However, the magnitude of the unfinished task of mission cries out for many more missionaries than we now have. Among many large people groups, the church lacks indigenous believers to evangelize them adequately. Cross-cultural missionaries are needed to evangelize many, many millions of unreached peoples, especially in the “diverse six plus” divisions.

A wide variety of volunteers and short-term missionaries, serving from a few weeks to a year or two, has added a positive dimension to Adventist mission. One limitation is that their service is usually given among the best-evangelized people groups, where the church is already strong.

However, volunteers can provide effective service among less-evangelized people groups when their work is well coordinated by long-term missionaries and local churches. Good synergy, strategy, and coordination between officially sent missionaries and those in Adventist supporting ministries can also enhance global mission.

The Twenty-first Century Mission Mandate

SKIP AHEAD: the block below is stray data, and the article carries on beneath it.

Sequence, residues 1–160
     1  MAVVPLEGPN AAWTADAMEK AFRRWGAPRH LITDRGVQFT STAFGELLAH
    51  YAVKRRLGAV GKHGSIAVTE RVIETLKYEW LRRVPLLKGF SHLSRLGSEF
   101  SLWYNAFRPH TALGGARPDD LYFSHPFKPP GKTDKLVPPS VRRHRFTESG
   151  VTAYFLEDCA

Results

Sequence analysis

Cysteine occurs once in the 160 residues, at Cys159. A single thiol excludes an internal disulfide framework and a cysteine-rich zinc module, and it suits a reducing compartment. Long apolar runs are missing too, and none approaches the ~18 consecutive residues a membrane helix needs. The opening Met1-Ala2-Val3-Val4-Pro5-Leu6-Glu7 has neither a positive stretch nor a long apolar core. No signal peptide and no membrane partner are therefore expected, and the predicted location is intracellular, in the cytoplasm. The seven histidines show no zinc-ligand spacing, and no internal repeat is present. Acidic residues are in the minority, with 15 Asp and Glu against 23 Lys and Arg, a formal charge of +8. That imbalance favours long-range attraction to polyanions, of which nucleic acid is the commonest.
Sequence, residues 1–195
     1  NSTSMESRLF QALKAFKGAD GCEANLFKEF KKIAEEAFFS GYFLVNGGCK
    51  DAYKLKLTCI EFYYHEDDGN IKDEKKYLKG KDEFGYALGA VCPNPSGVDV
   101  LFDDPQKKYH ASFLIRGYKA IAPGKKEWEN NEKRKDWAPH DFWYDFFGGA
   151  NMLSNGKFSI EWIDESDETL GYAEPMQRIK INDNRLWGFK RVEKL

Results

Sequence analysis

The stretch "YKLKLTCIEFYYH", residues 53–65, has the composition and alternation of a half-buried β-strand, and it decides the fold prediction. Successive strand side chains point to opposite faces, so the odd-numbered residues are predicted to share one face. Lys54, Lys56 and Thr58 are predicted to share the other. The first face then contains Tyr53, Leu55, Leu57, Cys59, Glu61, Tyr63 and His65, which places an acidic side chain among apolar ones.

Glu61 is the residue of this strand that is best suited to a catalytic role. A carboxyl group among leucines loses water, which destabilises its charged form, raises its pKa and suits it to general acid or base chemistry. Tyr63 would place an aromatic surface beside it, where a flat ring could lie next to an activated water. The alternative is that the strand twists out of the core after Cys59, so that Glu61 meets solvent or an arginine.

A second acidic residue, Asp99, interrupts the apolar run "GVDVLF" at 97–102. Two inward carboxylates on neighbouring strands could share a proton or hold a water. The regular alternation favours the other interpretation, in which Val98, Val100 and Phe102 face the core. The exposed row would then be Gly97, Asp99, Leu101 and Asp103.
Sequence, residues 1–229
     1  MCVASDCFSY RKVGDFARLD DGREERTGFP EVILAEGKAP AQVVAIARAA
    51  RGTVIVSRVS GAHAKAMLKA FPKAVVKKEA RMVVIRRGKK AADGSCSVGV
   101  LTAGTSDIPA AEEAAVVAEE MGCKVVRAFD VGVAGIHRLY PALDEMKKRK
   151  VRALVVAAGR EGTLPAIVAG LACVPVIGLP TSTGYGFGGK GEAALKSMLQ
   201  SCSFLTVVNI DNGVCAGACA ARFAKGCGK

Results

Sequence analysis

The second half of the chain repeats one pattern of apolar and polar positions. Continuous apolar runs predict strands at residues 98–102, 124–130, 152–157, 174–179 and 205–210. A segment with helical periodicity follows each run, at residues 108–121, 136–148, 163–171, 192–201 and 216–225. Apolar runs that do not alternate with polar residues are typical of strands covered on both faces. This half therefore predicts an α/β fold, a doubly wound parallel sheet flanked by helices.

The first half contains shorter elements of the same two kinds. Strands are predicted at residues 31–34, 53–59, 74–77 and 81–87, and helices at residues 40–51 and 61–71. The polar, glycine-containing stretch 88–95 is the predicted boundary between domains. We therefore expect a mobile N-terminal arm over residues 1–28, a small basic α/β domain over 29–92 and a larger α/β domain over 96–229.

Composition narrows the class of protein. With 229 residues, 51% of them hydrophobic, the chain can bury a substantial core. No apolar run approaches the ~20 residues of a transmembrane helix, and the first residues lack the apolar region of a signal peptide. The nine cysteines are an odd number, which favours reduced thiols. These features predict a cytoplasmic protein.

At the end of World War I the Adventist Church had come far in its mission thinking: from the “shut door” period (1844-1851), to sending the first official missionary in 1874, to a complete reorganization of the church for mission in the early part of the twentieth-century.By 1918 the church had embraced Jesus’ command to make disciples of all nations. During the past 100 years God has greatly blessed Adventist mission; but the number yet to be evangelized is greater than ever, especially among non-Christian world religions.

Jesus promised that “this gospel of the kingdom will be preached in the whole world as a testimony to all nations, and then the end will come” (Matt 24:14). Humanly speaking, the task is impossible, but Christ’s words are a promise and a prophecy. The God who used 12 apostles to reach their world, who grew a tiny group of Adventists into a global church, will empower His last-day church as we commit ourselves to the task of taking the gospel to all peoples everywhere.

  1. Todd M. Johnson and Kenneth R. Ross, eds., Atlas of Global Christianity 1910-2010 (Edinburgh: Edinburgh University Press, 2009), p. 7.
  2. Ibid., p. 59.
  3. Adventist statistics from General Conference Annual Statistical Reports.
  4. Foreign Missionary Program of the Seventh-day Adventist Church. 2017. Unpublished paper. General Conference Office of Archives, Statistics, and Research, 2017, p. 9.

Cheryl Doss directs the Institute of World Mission at the General Conference of Seventh-day Adventists. Her husband, Gorden, is professor of world mission as the Seventh-day Adventist Theological Seminary at Andrews University.